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The latest index for Australian market watchers doesn’t track stocks, bonds or currencies. It uses an algorithm to track the tone of central bank Governor Philip Lowe’s words.
Australia & New Zealand Banking Group has finely crunched the prose of the Reserve Bank of Australia’s two governors over the past decade to see if their rate statements signal a clear bias. The results correlate positively with rate moves and show that the central bank – which hasn’t provided any forward guidance since it last cut interest rates a year ago – may finally be turning hawkish.
A monthly obsession of Aussie traders, analysts and journalists, the RBA’s rate statement can often feel like a pain-staking puzzle of ‘spot the difference’ when searching for new signals. But child’s play it isn’t: changing just one word can swing the fortunes of the currency in seconds. And with markets forecasting rates at a record-low 1.5 percent for at least another year, the hunt for clues on Lowe’s thinking has only intensified.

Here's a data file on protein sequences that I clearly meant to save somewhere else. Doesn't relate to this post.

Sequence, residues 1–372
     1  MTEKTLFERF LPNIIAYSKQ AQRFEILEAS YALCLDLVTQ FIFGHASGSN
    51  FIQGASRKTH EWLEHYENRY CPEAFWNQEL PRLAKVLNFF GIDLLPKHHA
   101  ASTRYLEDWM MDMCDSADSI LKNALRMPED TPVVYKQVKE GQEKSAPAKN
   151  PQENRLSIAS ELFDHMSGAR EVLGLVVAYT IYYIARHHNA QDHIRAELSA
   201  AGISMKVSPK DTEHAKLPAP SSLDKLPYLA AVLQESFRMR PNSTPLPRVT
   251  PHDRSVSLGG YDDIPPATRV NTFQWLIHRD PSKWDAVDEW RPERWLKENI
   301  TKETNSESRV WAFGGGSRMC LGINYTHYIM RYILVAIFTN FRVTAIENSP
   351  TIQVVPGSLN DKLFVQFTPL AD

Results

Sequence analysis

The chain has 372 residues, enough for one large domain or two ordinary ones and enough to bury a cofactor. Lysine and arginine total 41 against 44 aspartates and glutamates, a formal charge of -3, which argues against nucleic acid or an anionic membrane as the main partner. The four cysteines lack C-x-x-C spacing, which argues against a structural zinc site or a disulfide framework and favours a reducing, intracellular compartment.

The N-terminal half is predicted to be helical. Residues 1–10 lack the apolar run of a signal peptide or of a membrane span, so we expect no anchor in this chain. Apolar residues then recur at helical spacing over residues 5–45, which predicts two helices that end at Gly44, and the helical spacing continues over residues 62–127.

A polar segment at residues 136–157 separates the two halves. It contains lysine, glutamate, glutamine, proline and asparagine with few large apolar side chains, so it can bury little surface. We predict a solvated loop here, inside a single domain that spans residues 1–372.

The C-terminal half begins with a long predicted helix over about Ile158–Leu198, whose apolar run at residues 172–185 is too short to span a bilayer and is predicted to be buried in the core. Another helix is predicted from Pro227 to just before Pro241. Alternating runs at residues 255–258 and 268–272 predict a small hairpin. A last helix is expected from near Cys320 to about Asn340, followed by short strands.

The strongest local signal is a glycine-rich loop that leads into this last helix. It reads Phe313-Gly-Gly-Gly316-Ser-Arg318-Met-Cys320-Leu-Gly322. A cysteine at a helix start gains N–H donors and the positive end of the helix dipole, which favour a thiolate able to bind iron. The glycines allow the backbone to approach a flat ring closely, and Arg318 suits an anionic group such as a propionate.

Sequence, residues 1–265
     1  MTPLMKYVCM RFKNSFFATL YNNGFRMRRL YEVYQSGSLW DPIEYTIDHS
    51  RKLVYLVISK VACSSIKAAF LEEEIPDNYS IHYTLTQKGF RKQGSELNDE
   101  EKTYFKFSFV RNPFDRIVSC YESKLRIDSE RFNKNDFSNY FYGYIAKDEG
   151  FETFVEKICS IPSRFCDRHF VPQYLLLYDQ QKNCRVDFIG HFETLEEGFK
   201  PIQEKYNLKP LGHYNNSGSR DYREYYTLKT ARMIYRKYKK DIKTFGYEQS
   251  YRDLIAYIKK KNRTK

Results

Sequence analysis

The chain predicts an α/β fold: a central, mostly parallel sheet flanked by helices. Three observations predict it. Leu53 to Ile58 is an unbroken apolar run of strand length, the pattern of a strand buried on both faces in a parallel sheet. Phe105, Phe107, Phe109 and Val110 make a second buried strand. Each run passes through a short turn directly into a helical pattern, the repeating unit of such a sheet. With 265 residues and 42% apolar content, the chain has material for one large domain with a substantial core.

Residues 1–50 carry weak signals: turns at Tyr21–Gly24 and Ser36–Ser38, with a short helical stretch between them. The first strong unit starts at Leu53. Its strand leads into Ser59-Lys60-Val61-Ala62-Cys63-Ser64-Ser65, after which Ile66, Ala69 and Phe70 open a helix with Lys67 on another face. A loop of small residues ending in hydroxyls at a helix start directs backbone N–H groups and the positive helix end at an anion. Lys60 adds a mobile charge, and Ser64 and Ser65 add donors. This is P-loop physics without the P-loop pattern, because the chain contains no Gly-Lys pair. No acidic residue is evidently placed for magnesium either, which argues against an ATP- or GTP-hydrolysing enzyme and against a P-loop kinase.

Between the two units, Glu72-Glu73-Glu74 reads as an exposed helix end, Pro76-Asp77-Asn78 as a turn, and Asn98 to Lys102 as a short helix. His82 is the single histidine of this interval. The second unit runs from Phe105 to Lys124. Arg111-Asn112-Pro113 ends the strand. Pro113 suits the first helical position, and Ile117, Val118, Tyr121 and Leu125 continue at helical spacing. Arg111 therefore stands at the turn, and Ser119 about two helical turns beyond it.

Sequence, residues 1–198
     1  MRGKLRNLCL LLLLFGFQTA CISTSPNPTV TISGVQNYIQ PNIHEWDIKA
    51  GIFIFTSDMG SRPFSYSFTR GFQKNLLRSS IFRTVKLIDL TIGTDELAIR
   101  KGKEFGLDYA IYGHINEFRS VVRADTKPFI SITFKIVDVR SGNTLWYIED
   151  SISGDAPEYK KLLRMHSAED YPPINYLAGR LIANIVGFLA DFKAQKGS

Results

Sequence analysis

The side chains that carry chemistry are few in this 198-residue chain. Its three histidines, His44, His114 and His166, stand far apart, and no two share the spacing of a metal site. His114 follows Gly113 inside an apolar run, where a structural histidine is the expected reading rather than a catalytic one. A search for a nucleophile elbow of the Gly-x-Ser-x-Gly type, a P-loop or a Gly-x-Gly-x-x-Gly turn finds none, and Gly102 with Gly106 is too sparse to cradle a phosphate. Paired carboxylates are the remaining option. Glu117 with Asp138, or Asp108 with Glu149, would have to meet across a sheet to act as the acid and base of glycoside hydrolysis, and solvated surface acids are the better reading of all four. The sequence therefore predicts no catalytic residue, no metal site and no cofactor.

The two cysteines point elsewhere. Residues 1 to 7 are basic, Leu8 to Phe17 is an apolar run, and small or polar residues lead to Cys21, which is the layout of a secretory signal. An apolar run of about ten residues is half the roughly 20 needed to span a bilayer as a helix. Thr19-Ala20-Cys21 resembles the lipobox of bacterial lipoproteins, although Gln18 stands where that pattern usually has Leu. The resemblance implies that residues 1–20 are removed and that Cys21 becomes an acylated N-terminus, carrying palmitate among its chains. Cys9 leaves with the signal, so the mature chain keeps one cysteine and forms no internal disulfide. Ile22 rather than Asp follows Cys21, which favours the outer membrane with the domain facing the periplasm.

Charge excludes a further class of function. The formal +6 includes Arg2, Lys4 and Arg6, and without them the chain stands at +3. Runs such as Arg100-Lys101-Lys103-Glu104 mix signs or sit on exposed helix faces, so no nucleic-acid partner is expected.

“The RBA’s policy bias is starting to lean in a slightly hawkish direction,” said Sydney-based ANZ economist Giulia Lavinia Specchia. “We don’t think the signal is yet strong enough to shift our view from ‘on hold,’ but the evolution of the RBA’s language clearly bears watching.”
In a nutshell, here’s how it works: first, an algorithm identifies key words and sentences from each rate statement. The results are then run through Google’s search engine to see if they are associated more with the word ‘hawkish’ or the word ‘dovish’ across the web. A score is then allocated to each of those searches, depending on hits.
A final average score is then calculated for the whole statement: anything above 1 is deemed as more hawkish and vice versa. The methodology follows research by U.S. economists David Lucca and Francesco Trebbi.
The result? According to the index, the RBA turned neutral in March for the first time in five years. It’s bias score then edged upwards, with ANZ suggesting that Lowe’s increased focus on financial stability has helped tip the balance. The governor earlier this month said expectations of an upward rate move, albeit some time off, seemed reasonable.
While reading between the RBA’s lines for the next rate increase may be premature at this stage, the index’s creators say it appears to lead changes in the cash rate by about six months.
“We found that our index is a useful leading indicator of changes in the cash rate and shifts in market pricing,” said Specchia.